By default, ngMessages will only display one error at a time. However, if you wish to display all messages then the ng-messages-multiple attribute flag can be used on the element containing the ngMessages directive to make this happen.

<div ng-messages="myForm.myField.$error" ng-messages-multiple>...</div>

Reusing and Overriding Messages

In addition to prioritization, ngMessages also allows for including messages from a remote or an inline template. This allows for generic collection of messages to be reused across multiple parts of an application.

<script type="text/ng-template" id="error-messages">
  <div ng-message="required">This field is required</div>
  <div ng-message="minlength">This field is too short</div>
<div ng-messages="myForm.myField.$error" ng-messages-include="error-messages"></div>

However, including generic messages may not be useful enough to match all input fields, therefore, ngMessages provides the ability to override messages defined in the remote template by redefining then within the directive container.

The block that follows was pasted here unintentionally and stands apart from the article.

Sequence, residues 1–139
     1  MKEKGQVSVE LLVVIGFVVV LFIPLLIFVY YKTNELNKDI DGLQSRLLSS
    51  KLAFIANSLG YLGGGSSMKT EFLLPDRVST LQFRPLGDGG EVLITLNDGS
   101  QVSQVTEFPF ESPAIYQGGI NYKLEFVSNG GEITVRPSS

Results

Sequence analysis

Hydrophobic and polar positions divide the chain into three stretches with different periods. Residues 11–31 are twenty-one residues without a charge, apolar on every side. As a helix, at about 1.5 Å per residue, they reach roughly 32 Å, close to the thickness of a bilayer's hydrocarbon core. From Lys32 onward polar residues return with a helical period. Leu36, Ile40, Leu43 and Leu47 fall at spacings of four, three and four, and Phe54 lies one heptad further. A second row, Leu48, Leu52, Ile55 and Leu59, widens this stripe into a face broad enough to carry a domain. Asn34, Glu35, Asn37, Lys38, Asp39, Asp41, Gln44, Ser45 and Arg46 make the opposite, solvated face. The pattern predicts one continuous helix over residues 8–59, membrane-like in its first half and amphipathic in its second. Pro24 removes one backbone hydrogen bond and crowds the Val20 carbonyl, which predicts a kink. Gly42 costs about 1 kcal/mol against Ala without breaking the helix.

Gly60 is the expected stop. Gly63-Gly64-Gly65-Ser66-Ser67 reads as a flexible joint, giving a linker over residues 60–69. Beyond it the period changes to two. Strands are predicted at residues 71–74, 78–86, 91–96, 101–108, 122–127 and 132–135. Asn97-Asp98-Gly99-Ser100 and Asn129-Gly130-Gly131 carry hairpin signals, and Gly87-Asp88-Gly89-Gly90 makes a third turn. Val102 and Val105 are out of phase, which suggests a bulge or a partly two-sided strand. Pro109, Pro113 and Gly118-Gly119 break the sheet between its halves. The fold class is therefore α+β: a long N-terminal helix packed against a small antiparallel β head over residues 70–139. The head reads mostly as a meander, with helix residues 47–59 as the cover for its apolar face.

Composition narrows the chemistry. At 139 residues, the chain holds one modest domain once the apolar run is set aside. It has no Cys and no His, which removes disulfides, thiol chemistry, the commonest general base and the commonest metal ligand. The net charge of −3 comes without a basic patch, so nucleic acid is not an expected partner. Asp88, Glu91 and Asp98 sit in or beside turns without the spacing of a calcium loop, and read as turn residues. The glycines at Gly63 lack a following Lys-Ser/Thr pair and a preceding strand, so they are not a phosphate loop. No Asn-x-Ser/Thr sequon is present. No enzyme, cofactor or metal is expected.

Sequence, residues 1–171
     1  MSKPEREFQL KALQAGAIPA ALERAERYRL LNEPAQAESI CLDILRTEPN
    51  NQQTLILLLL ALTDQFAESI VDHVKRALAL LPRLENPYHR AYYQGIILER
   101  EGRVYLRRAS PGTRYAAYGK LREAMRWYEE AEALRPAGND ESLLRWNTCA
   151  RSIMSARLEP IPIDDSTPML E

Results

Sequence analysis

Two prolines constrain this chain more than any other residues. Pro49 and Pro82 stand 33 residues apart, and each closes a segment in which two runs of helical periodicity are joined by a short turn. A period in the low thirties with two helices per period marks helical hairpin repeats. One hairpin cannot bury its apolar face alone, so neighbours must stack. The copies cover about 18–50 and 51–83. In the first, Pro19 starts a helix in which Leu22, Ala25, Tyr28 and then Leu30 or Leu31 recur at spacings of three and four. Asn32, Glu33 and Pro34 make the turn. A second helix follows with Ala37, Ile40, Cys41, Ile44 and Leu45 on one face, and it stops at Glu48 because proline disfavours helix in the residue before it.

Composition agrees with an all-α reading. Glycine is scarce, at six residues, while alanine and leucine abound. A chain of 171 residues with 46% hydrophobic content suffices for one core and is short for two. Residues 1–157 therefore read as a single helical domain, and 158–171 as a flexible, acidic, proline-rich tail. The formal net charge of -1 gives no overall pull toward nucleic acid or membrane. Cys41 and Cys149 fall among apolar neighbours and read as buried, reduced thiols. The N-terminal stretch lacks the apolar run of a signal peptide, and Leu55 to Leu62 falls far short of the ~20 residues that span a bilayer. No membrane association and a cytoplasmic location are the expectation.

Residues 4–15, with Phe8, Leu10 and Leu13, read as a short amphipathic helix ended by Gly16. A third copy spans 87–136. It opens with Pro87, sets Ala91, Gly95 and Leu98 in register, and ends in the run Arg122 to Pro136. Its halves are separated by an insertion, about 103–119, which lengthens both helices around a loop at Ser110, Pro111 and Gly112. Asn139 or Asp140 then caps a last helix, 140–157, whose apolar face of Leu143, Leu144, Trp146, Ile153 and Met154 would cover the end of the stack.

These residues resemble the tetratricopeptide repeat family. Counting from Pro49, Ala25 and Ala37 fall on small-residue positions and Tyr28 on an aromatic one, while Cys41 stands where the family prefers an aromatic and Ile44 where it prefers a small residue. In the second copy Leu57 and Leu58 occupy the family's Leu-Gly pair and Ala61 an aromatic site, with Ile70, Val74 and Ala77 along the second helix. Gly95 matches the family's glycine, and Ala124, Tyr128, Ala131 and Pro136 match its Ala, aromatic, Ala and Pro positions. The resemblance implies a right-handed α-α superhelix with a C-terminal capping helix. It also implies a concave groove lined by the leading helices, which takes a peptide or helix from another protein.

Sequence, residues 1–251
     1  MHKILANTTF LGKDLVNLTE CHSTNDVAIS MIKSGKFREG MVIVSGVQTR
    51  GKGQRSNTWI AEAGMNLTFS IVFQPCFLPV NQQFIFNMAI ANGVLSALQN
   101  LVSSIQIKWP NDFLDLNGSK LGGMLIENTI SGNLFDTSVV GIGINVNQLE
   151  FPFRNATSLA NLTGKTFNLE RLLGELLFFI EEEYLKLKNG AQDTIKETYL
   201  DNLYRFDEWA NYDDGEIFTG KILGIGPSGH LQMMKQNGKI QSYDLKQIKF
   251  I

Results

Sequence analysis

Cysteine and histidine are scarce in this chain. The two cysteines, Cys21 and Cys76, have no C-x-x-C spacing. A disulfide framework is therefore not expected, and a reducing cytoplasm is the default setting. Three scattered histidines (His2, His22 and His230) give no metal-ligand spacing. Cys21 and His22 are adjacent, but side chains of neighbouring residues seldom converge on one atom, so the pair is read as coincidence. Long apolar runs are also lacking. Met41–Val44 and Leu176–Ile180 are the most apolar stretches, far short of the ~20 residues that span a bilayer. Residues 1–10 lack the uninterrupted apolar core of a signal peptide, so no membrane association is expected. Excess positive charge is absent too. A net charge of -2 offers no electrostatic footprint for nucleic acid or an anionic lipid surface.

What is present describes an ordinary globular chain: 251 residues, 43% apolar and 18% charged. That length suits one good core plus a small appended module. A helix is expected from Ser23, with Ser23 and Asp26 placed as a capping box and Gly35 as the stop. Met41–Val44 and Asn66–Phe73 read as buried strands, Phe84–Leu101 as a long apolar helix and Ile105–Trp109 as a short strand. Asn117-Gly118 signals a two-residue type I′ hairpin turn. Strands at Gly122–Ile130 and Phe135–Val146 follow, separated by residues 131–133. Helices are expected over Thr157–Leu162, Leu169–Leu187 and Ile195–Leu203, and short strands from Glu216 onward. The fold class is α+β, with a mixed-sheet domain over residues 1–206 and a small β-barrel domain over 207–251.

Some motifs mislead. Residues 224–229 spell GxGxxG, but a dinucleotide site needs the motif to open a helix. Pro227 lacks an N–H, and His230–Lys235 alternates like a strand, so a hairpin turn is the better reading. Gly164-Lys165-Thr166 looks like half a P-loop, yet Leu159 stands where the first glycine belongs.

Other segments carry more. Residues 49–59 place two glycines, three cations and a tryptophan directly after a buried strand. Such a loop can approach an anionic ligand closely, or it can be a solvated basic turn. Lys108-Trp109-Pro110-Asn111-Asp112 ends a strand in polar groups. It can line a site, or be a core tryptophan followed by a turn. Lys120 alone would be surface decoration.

<!-- a generic template of error messages known as "my-custom-messages" -->
<script type="text/ng-template" id="my-custom-messages">
  <div ng-message="required">This field is required</div>
  <div ng-message="minlength">This field is too short</div>

<form name="myForm">
  <input type="email"
         required />

  <div ng-messages="myForm.myEmail.$error" ng-messages-include="my-custom-messages">
    <!-- this required message has overridden the template message -->
    <div ng-message="required">You did not enter your email address</div>

    <!-- this is a brand new message and will appear last in the prioritization -->
    <div ng-message="email">Your email address is invalid</div>

In the example HTML code above the message that is set on required will override the corresponding required message defined within the remote template. Therefore, with particular input fields (such email addresses, date fields, autocomplete inputs, etc...), specialized error messages can be applied while more generic messages can be used to handle other, more general input errors.


If the ngAnimate module is active within the application then both the ngMessages and ngMessage directives will trigger animations whenever any messages are added and removed from the DOM by the ngMessages directive.